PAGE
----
ANZ Premiership 2017 Season in Review

ANZ Premiership 2017 Season in Review

There was an air of excited anticipation when a new era of elite level domestic competition was unveiled in 2017, in the shape of the inaugural edition of the ANZ Premiership.

And at season’s end, there was plenty of satisfaction following the first instalment after nine years of the previous trans-Tasman competition and make the return to a unique stand-alone domestic showpiece.

New entity Northern Stars, based out of south Auckland and started from scratch specifically for the new competition, joined regulars SKYCITY Mystics, Waikato Bay of Plenty Magic, Te Wānanga o Raukawa Pulse, Silvermoon Tactix and Ascot Park Hotel Southern Steel in heralding the arrival of the six-strong ANZ Premiership.

Played over 13 rounds with all teams meeting each other three times, a healthy diet of Netball featured three times a week and included three Super Sundays, which featured all six teams playing at the same venue on the same day.

As the most settled team coming into the competition, the Steel proved themselves a cut above the rest in a history-making season to claim the inaugural title.

Showing their true character, the southerners overcame adversity in the form of a frightening van accident at the tail end of the end of the season which left four of their frontline players nursing injuries and out of action.

With the two worst-affected, inspiring captain Wendy Frew and shooter Te Paea Selby-Rickit showing great courage to return in time for the Grand Final, the unstoppable Steel put their stamp on a sensational season.

Fittingly, the efficient and clinical Steel went through the season unbeaten, clinching an impressive 16th successive win in the season’s showcase Grand Final.

Breaking new ground became a hallmark for the Pulse this year and although well-beaten in the Grand Final, the Wellington-based team had a season to savour.

Captain Katrina Grant’s long years of loyalty were finally rewarded when she led a resurgent Pulse to the post-season play-offs for the first time in their 10-year history. In the process, the emergence of exciting new talent in the form of teenaged shooter Tiana Metuarau and fleet-footed wing attack Whitney Souness provided plenty of optimism for the future.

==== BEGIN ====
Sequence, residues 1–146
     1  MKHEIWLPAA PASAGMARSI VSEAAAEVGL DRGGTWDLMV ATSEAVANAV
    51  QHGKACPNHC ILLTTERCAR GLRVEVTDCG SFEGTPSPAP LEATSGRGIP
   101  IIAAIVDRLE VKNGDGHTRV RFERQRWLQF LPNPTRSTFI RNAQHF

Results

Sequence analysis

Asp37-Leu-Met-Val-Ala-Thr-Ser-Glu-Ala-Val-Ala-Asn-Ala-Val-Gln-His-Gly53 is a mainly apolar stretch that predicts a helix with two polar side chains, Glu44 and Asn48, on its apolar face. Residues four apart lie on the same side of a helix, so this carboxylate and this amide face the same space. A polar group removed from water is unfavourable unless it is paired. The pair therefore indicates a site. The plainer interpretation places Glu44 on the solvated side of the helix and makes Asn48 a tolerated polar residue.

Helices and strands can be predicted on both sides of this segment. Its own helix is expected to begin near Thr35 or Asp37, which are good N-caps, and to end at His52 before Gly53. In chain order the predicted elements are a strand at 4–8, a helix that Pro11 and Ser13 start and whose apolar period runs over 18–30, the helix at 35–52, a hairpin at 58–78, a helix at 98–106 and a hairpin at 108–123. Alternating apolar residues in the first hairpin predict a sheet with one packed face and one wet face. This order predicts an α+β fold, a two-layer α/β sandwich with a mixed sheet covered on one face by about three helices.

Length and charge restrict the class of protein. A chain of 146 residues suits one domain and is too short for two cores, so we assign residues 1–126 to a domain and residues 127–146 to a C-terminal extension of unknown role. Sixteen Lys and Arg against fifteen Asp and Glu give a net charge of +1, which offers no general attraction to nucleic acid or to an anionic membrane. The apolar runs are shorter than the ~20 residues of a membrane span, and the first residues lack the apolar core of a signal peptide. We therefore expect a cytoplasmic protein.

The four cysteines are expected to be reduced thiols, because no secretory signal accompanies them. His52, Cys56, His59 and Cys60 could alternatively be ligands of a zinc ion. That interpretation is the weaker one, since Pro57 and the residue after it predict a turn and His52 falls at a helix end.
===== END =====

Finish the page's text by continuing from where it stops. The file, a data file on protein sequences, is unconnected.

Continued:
The Mystics would look back on their season with some regrets. Stacked with exceptional talent, inconsistency proved a major hurdle. Left relying on other results, the Mystics did squeeze into the Finals Series before being halted by the Pulse.

On their day, they were an exhilarating team to watch, the efforts of stalwart defender Anna Harrison and sharp-shooter Maria Tutaia headlining the up-and-coming talent provided by Michaela Sokolich-Beatson, Elisapeta Toeava and Samon Nathan.

Giving it their best shot, WBOP Magic were desperately unlucky not to make the Finals Series, finally missing the cut for the first time in their history.

Facing a mammoth challenge in the final match of the regular season, Magic needed to restrict the Stars to 48 goals and win by 15. Winning by 58-45, the Magic were left agonisingly close when the margin stood at 13 as the final whistle blew, in the process opening the door for the Mystics to progress to the Elimination Final.

Highly-respected captain Casey Kopua made a welcome return to the Magic, showing she had lost none of her outstanding playing qualities.

Starting the season with a hiss and a roar, the Magic fell away in the latter half but there is talent to burn in this team and the likes of Kelly Jury, Monica Falkner and Ariana Cable-Dixon will only get better.

It was a similar story for the Stars. Beset with early injury problems and the difficulties of setting up a new team, the Stars had their teething problems. But when they got it right, they could compete with the best, going on to post upset wins over the Mystics and Magic.

Veteran defender Leana de Bruin was an influential figure throughout but the team struggled with consistency. They had a talented roster and now with a season under their belts will look to be a more settled unit next year.

The Tactix had a challenging season on all fronts but there were enough encouraging signs at season’s end to suggest a change in fortunes is close.

Defender Temalisi Fakahokotau excelled in her move south, midcourter Erikana Pedersen was a key contributor and the emergence of towering goal shoot Ellie Bird have set the tone for the future.

Final Placings

1 Ascot Park Hotel Southern Steel

2 Te Wānanga o Raukawa Pulse

3 SKYCITY Mystics

4 Waikato Bay of Plenty Magic

5 Northern Stars

6 Silvermoon Tactix